It Takes a Village

There's an old saying: "it takes a village to raise a child." In the case of Leave No Trace Hot Spots the proverbial "children" are our cherished parks, forests and protected areas. While high-level management and decision making generally rests on the shoulders of the land management agency in charge, the "village" is comprised of all those people and groups utilizing or supporting the natural area. 

Leave No Trace Center for Outdoor Ethics created the Hot Spots program as an initiative that implements successful Leave No Trace programs at geographically and environmentally diverse areas across the country experiencing severe impacts caused by recreational use. Now in its seventh year, Leave No Trace Hot Spots are designed to raise awareness about natural areas around the country facing the threat of irreversible environmental damage. 

Every park or protected area selected to be a Hot Spot presents a unique challenge. The combination of diverse landscapes, the impacts affecting them, the managing agency and the individual managers, the variety of recreational activities, and the demographics of those recreating are all proprietary to that one place. Yet when it comes to effective land stewardship, the substantial task cannot possibly fall solely on the dedicated land managers. Effective stewardship is a team effort—it is born out of a community of passionate people and entities that are engaged with the place. 

The community is expansive. Local businesses, outfitters and guides, volunteers groups, tourism boards and even municipalities all have an integral role in providing the best information to visitors enjoying public lands in their areas. When this "village" of stakeholders comes together to provide Leave No Trace outreach and education, the land is healthier. In return, we all benefit. 

The consistent value of community across all Hot Spots is a critical piece of the stewardship challenge. Mitch Warnick, the Outreach Manager and coordinator of the Center's Hot Spot program, places a special emphasis on galvanizing managers, volunteers, friends' groups, business and any other enthusiastic stakeholders into a collaborative and effective force for the good of the land. "Beyond simply training folks and education the public," Mitch tells his Hot Spot hosts, "the biggest impact we can have on the ground once our Subaru/Leave No Trace Traveling Trainers leave at the end of the Hot Spot activation week is ensuring that we left behind a more effective and cohesive community to care for the land and continue to implement Leave No Trace together into the future."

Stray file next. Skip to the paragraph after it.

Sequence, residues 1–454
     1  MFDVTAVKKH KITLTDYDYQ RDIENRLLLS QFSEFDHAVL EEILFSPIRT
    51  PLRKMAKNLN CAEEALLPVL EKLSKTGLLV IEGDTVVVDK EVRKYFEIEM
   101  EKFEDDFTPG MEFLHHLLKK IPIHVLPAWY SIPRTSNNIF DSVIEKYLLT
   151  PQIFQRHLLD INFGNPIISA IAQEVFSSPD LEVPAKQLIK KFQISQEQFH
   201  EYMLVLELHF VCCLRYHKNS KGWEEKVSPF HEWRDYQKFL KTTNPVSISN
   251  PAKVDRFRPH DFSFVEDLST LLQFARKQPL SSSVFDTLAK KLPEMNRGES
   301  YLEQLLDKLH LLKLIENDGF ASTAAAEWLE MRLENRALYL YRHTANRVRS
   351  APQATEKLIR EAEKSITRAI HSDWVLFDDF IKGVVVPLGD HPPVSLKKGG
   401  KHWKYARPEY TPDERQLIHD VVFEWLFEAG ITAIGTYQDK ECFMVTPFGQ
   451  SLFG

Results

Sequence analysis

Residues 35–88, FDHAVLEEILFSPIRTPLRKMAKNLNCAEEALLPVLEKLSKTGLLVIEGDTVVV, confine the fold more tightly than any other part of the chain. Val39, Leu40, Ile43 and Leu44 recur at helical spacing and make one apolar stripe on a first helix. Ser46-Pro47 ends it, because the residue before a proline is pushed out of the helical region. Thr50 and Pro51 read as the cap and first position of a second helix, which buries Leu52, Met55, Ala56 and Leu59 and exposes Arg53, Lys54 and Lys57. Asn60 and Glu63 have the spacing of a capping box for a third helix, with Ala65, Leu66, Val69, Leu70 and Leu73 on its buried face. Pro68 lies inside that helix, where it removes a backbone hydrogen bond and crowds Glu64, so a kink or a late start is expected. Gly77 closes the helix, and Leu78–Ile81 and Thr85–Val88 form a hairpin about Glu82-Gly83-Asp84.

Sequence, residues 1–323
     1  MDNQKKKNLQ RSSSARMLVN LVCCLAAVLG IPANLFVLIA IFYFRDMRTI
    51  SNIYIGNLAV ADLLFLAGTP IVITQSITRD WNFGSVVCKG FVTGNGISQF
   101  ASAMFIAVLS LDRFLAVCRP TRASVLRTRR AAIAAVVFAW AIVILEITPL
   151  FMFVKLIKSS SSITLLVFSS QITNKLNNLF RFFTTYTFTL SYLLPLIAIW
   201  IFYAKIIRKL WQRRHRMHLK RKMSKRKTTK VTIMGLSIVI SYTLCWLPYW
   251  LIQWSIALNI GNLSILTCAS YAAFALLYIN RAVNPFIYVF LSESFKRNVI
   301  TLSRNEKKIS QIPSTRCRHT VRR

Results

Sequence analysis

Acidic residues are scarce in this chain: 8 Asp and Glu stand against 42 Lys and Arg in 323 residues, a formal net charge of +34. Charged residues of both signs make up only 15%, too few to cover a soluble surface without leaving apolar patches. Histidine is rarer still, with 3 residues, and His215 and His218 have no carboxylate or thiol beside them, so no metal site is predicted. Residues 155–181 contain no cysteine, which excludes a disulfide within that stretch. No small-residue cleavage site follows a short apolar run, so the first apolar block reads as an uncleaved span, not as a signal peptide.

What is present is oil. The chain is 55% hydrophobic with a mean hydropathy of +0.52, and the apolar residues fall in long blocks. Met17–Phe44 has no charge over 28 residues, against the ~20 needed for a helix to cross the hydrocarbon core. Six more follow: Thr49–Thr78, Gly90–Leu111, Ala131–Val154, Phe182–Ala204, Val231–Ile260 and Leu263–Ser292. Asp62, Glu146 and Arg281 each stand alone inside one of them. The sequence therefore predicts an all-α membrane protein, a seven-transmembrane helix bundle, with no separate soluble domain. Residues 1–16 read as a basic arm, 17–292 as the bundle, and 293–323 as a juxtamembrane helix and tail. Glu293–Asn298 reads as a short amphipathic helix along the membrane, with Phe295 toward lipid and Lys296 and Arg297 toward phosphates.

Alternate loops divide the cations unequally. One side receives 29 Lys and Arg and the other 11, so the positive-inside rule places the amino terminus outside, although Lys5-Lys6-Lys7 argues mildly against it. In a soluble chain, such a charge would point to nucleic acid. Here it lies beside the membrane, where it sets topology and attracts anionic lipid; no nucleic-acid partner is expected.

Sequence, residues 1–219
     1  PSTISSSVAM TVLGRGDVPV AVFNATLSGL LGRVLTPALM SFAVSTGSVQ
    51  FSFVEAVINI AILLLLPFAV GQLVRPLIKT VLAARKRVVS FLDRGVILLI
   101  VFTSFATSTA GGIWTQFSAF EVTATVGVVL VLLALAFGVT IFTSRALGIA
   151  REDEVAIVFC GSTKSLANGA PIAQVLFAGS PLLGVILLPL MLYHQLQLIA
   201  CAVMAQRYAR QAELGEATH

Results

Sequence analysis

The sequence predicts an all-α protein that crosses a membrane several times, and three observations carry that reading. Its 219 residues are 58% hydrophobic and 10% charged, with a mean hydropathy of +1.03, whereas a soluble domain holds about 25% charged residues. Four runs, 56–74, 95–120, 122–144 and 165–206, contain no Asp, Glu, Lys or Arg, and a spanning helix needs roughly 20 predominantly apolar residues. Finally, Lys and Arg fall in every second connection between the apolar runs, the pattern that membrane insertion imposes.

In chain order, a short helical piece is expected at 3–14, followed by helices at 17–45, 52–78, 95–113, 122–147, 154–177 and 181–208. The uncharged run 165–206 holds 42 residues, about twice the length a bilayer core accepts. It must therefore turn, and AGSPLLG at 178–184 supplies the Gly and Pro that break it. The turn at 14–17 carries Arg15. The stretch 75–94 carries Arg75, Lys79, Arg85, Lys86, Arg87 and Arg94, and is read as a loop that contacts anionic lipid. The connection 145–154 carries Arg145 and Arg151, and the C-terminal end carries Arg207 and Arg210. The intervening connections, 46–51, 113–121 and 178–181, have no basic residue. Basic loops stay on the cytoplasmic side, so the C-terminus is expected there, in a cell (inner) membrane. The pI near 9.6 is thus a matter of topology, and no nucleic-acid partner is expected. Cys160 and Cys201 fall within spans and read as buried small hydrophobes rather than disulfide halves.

Long-term engagement is key to ensuring that the initial Hot Spot work is realized into the future. Local Leave No Trace partners in the communities where Hot Spots are scheduled are going to be called upon to play an even greater role next year. From volunteer work to the development of stewardship plans, these groups are integral to the big picture. 

Leave No Trace truly works when the village is engaged. With over 90 Hot Spots activated since 2012, the most successful ones have been those with stakeholder engagement in all three phases—pre-planning, activation and collaborative future planning resulting in action. As we move into 2019, we are excited to rally together even more stewardship villages for the most positive impact reach we've ever had!